Today was another exciting day for Baby. The would-be highlight of the day - the arrival of the health visitor - turned out to be an anti-climax. Daddy had imagined (whatever Mummy's ideas were) that this would indeed be someone in a white coat and a clipboard going through the house looking for contraband, dirty kitchens, undisposed nappies etc. It turned out just to have been A Nice Person who said hello to Mummy. The compensation for Baby was that he had the opportunity of being taken into town by Mummy to have lunch with his other parent and be cooed over by strangers. Baby Leo was well behaved and took it all in with wide eyes.
We naively thought that the small excitement would exhaust him for the rest of the day and, hopefully, the night. But he has being wanting fun and simulation all afternoon and all evening and all night. I think it is probably bed time for all three of us now. When Mummy and Daddy were young (last year), we could stay up half the night dancing and misbehaving. Those were the days....
One thing Mummy has noticed in Daddy is the rapid deterioration of his sense of smell. At various times over the past two weeks, Mummy has asked Daddy whether there was a whiff of something in the air but Daddy never smells anything. If pushed he will admit that the house smells of, umm, baby: a rather nice smell. This is either due to terminal neurological decline (from lack of sleep), olfactory collapse (from odorant assault) or more probably the extreme efficacy of the most important item in our possession: an unprepossessing non-descript plastic yellow bin specially designed for baby nappies. Through some magic mechanism (Mummy, being technical, was in charge of setting it up) involving spinning wheels, this somehow manages to swallow up all Baby is capable of. If you knew Baby as well as we do, this would impress you mightily. What a testament to background research, market surveys, dedication, consideration and careful preparation! I think the Fairy Godmother from Boston is taking care of Baby very well.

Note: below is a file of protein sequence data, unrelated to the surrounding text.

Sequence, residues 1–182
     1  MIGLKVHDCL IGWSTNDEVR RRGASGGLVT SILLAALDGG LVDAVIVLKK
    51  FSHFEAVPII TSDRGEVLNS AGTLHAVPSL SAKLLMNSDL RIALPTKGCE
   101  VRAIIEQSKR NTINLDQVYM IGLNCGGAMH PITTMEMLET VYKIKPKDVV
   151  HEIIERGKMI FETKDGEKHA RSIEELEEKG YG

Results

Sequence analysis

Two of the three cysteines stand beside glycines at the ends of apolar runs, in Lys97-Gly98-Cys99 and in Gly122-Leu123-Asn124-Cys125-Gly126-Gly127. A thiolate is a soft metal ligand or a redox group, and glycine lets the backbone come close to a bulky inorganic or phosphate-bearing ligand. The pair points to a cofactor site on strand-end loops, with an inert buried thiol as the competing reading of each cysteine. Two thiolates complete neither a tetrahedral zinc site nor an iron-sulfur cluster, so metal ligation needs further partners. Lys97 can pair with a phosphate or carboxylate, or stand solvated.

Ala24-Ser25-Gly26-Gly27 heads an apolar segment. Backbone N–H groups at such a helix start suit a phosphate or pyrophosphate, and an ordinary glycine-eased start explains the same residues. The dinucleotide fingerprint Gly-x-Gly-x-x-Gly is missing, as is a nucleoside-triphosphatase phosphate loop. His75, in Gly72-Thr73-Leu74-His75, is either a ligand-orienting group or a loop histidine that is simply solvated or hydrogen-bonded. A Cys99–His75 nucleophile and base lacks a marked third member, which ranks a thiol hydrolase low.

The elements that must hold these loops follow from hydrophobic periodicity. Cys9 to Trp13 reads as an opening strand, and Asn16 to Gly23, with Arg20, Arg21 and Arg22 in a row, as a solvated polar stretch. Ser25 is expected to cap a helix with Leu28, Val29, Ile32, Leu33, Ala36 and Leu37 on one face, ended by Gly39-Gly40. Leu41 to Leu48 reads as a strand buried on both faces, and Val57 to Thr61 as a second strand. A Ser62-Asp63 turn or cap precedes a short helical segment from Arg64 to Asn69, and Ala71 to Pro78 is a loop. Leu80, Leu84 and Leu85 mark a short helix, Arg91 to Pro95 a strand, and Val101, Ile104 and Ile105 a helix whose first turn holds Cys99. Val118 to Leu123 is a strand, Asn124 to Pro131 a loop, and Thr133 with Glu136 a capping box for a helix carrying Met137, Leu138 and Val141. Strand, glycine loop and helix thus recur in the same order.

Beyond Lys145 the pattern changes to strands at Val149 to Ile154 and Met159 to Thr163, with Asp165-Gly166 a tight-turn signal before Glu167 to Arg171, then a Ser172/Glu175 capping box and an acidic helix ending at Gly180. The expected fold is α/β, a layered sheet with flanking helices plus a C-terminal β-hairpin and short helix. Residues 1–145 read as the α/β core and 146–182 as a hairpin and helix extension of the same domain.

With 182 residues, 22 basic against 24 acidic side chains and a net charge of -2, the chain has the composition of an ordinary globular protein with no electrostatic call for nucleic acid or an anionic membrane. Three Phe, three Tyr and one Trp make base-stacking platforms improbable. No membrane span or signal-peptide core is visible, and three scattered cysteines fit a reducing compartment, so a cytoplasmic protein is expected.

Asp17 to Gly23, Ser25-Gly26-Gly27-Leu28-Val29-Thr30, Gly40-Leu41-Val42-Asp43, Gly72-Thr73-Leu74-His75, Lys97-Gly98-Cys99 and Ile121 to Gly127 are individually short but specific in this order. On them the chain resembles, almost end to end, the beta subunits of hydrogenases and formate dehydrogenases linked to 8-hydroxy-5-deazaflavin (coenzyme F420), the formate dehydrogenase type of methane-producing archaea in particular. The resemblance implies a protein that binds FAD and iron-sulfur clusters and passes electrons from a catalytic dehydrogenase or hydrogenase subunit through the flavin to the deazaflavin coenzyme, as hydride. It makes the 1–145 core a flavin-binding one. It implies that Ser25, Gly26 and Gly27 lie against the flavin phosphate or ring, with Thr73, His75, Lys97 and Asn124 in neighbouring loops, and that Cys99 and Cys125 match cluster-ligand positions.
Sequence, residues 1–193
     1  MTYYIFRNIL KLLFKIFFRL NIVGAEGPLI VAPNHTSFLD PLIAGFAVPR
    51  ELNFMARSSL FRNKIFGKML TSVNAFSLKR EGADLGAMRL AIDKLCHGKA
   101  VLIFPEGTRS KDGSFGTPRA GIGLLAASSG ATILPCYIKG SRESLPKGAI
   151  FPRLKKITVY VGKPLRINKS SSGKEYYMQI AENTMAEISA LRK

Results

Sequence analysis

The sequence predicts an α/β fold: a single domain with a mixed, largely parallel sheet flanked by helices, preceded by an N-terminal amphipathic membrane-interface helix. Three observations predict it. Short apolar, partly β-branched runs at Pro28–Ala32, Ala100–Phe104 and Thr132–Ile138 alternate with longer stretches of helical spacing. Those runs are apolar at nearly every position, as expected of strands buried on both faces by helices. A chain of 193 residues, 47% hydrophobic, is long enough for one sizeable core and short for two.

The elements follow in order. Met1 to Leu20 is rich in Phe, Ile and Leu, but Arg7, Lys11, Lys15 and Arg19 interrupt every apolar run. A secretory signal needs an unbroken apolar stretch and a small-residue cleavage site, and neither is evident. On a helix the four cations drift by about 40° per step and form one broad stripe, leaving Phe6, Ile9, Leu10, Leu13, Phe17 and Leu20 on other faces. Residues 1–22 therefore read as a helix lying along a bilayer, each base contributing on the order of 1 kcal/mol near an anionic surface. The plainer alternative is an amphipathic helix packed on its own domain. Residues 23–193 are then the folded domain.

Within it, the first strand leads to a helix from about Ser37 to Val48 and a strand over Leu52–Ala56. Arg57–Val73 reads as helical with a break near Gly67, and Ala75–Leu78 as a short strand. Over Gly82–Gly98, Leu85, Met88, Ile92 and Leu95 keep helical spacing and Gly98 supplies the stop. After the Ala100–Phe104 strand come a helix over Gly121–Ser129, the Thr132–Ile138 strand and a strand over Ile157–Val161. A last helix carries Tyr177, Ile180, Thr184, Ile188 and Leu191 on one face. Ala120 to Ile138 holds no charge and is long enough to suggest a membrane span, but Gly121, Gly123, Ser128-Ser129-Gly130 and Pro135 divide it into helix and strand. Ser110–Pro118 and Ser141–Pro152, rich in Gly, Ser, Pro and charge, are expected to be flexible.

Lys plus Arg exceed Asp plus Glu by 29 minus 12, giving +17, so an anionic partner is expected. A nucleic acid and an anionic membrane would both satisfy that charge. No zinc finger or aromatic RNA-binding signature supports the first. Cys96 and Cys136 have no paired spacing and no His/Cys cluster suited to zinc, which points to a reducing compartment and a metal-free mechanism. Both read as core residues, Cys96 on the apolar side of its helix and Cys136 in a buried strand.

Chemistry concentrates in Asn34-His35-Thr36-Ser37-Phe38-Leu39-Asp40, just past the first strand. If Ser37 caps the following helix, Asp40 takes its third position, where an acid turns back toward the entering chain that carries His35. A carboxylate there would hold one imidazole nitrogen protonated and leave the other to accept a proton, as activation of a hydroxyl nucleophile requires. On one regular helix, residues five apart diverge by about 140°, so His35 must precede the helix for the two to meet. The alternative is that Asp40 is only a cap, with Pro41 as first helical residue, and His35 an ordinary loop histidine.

A final minor digression. As part of baptism research (Google!), Daddy found out that the Three Fairy Godmothers are illegitimate. According to Roman Catholic canon law (more Google), God parents when numbering more than one, have to be of opposite gender. So the Three Fairy Godmothers should be one Godmother, plus two accompanying "Christian Witnesses"... As usual Father Richard had to ride in to save the day. Apparently, the 1917 code of canon law contains special provisions for fairies... I am not sure whether he was pulling our legs though, because he went on to say "You do know that fairies aren't real do you?". What on earth did he mean? And who is going to take Baby's teeth away when he grows up? All in all very traumatic.